OpenAI, the creator of ChatGPT, has admitted that “leading AI models” rely heavily on copyrighted books and articles, raising concerns about fair use and copyright infringement. AI companies have argued that generative AI “reads” or “learns from” this material, but recent lawsuits suggest that some models are capable of reproducing copyrighted texts verbatim. If AI companies are required to compensate authors for their work, it could have a significant impact on the technology. However, rebuilding models on open or licensed sources could improve relations between AI companies and authors. The issue is part of a larger legal debate about fair use in the AI industry.
The rise of generative AI in the gaming industry took center stage at CES 2024, sparking confusion and outrage. Nvidia’s Ace microservice, capable of creating fully voiced AI characters in games, faced backlash due to concerns about stolen training data and its potential impact on real designers and actors. SAG-AFTRA’s deal with Replica Studios to train AI on data from consenting actors also received criticism from members of the actors’ guild.
In a groundbreaking research study conducted by scientists at Columbia University, AI has revealed a surprising revelation: our fingerprints may not be as unique as we once thought. This discovery challenges the long-standing belief that fingerprints are an infallible means of identification. Using a dataset of 60,000 prints, the AI technology achieved an impressive 75-90% accuracy rate in identifying prints from the same individual, but researchers are uncertain about the underlying mechanisms behind this accuracy. Unlike traditional forensic methods that focus on minutiae, the AI may be analyzing other factors such as the curvature and angle of the ridges. While these findings may not have an immediate impact on the field of forensics, further research and discussion are warranted. The study’s findings will be published in the upcoming issue of the journal Science Advances.
Researchers have used AI to design a new catheter that could significantly reduce bacterial contamination and the risk of catheter-associated urinary tract infections (CAUTIs). The new catheter boasts a unique interior that is studded with three-dimensional geometric shapes, preventing bacteria from gaining traction. This design acts as an obstacle course for bacteria, impeding their progress and reducing the chances of infection. In tests, the new catheter built up almost 100 times fewer bacterial colonies compared to a traditional catheter. The novel design could potentially eliminate the need for expensive and ineffective antibiotic coatings and prolong the lifespan of catheters. Although further testing is required, this breakthrough could have far-reaching implications in the medical field and beyond.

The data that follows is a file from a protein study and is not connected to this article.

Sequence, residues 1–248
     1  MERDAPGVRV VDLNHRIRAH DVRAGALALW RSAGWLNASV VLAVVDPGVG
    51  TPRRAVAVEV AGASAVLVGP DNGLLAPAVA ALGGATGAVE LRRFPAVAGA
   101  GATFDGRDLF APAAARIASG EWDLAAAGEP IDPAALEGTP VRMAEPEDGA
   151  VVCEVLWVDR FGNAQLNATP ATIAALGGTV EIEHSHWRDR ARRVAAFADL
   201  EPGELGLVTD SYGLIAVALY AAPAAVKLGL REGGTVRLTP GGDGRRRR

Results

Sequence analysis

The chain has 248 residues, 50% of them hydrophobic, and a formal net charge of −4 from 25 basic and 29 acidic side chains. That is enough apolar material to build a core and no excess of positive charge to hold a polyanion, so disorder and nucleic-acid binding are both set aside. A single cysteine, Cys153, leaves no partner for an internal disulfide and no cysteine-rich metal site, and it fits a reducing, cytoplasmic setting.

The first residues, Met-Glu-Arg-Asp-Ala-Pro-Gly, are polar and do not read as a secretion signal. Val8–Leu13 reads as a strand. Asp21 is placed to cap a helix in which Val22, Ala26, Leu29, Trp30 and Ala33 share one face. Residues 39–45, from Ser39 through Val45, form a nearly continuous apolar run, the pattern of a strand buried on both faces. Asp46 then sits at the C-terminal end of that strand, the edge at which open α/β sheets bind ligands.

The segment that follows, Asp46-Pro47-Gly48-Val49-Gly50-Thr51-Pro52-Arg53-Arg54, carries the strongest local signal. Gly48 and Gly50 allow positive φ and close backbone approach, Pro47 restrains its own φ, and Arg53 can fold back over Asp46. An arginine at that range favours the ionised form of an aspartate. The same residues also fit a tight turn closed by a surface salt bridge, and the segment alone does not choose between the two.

GenAI, or generative artificial intelligence, has become a popular tool in the sales and marketing industry, promising to solve content-related challenges. By analyzing vast amounts of data, AI can predict consumer behavior and aid in sales forecasting. However, there is a misconception that GenAI is inherently creative or remarkable in its responses. While AI can provide valuable insights and assist with tasks such as research, content summarization, and grammar checks, it cannot truly think, interpret, and leverage data as humans do. Exceptional companies understand that statistically probable content may not drive exceptional results, and the key to GenAI’s success lies in connecting it to specific business activities to generate optimized content tailored to brand, culture, and customer personas. In the future, as AI models merge with real-world experiences, there is a statistical probability that human creativity can be injected into GenAI, leading to innovative results.
Billion-dollar businesses built on AI are on the rise, but how should the value of AI be monetized for both vendors and customers? Like the advent of cloud computing, AI represents a new era in software development and consumption. The traditional seat-based pricing model no longer applies when it comes to AI-powered tools that focus on getting more work done with fewer users. Instead, the value of AI is now measured by the tasks it can autonomously perform, making it more analogous to a human worker and requiring a shift in business models. As companies adapt to this new paradigm, different pricing models for AI-powered solutions, such as different price points based on capabilities or specializations, will emerge. The transition to AI-era business models won’t be effortless, but it promises to revolutionize the industry and capture the vast potential of AI technology.